Last month was decision time for the many academics who left their tenured jobs to work in the Obama administration. Universities standardly grant leave for at most two years, at which point a professor must either return or resign. Some, of course, can hope to be rehired later, but prudence often rules. Many of my acquaintances made the choice to return to writing and teaching. A few have stayed on. For a long time I’ve been comparing my free and sheltered life to those exposed and difficult lives, with a mixture of relief and guilt.
In my last column, I argued that Singapore and China, so often praised for their achievements in education, are terrible models, bad even at generating a creative and accountable business culture, and hopeless in forming the preconditions of stable democracy. Rejecting their guidance, however, does not mean that we should turn away from Asia for insight. The humanistic traditions of both Korea and India offer much that we should applaud. Korea today is the only nation in the world, outside the U.S., that strongly promotes a liberal arts model of college and university education.
American leaders, impressed by the economic success of Singapore and China, frequently sound envious when talking about those countries’ educational systems. President Obama, for example, invoked Singapore in a March 2009 speech, saying that educators there “are spending less time teaching things that don’t matter, and more time teaching things that do. They are preparing their students not only for high school or college, but for a career.
These are grim times for the academic humanities. Seen as useless frills, which nations can prune away to focus on the “things that really matter”—by which the speaker so often means “things that contribute to national economic growth”—the humanistic disciplines are being cut at all levels, from elementary school to college and university. Even worse, they are being asked (on pain of extinction) to refashion themselves as tools of profit, demonstrating the (economic) “impact” of their inquiries.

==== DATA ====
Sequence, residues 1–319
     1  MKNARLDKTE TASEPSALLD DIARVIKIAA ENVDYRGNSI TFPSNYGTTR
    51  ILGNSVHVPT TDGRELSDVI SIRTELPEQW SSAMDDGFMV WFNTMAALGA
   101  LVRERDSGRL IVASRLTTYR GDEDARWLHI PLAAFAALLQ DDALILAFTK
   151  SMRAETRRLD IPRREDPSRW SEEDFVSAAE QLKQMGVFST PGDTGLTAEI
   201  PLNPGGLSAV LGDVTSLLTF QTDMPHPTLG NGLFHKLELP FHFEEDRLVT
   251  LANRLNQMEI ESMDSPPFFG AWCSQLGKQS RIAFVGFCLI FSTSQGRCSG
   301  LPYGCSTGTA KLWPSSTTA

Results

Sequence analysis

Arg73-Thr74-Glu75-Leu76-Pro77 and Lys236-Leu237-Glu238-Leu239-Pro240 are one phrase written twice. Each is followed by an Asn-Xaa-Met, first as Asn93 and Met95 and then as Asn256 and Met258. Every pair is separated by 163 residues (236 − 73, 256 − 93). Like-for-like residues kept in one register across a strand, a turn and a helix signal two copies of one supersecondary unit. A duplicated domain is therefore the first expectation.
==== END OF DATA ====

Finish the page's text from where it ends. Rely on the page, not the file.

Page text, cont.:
A Vindication of Love: Reclaiming Romance for the Twenty-First CenturyBy Cristina Nehring (Harper, 328 pp., $24.99) Women today are too risk-averse in love, charges Cristina Nehring. We “settle,” and seek comfort rather than passion. In flight from pain, we end up too often with mediocre and cramped relationships.
COVERING: THE HIDDEN ASSAULT ON OUR CIVIL RIGHTS. By Kenji Yoshino(Random House, 268 pp., $24.95) I. IN 1998, A Missouri court granted custody to a lesbian mother, after finding that “the children were unaware of Mother’s sexual preference, and Mother never engaged in any sexual or affectionate behavior in the presence of the children.” Many courts have gone the other way, after determining that same-sex parents engaged not in overt sexual conduct that would be inappropriate for any parent to display before any child, but in displays of affection, such as hugging or holding hands, which clear
In The Clouds, Aristophanes' great comedy about Socrates, a young man eager for the new learning goes to the Think-Academy run by that strange and notorious figure. A debate is staged for him, contrasting the merits of traditional education with those of the new discipline of argument. The spokesman for the old education is a he-man. He favors a tough military regimen, including lots of gymnastics and not much questioning.